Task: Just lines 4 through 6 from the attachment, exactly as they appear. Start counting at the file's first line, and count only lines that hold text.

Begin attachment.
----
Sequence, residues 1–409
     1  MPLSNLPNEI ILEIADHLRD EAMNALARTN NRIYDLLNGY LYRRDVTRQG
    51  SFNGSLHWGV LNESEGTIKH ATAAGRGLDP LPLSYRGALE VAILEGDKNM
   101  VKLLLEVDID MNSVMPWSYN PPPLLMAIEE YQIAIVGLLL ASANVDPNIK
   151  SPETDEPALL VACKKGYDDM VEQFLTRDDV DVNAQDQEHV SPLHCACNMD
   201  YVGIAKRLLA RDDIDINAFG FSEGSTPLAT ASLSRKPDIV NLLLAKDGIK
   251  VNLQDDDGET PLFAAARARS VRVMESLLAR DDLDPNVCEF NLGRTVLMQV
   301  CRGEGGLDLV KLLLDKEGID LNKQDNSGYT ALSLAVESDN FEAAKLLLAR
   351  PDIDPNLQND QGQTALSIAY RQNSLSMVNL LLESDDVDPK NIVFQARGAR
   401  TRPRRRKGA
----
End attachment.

   101  VKLLLEVDID MNSVMPWSYN PPPLLMAIEE YQIAIVGLLL ASANVDPNIK
   151  SPETDEPALL VACKKGYDDM VEQFLTRDDV DVNAQDQEHV SPLHCACNMD
   201  YVGIAKRLLA RDDIDINAFG FSEGSTPLAT ASLSRKPDIV NLLLAKDGIK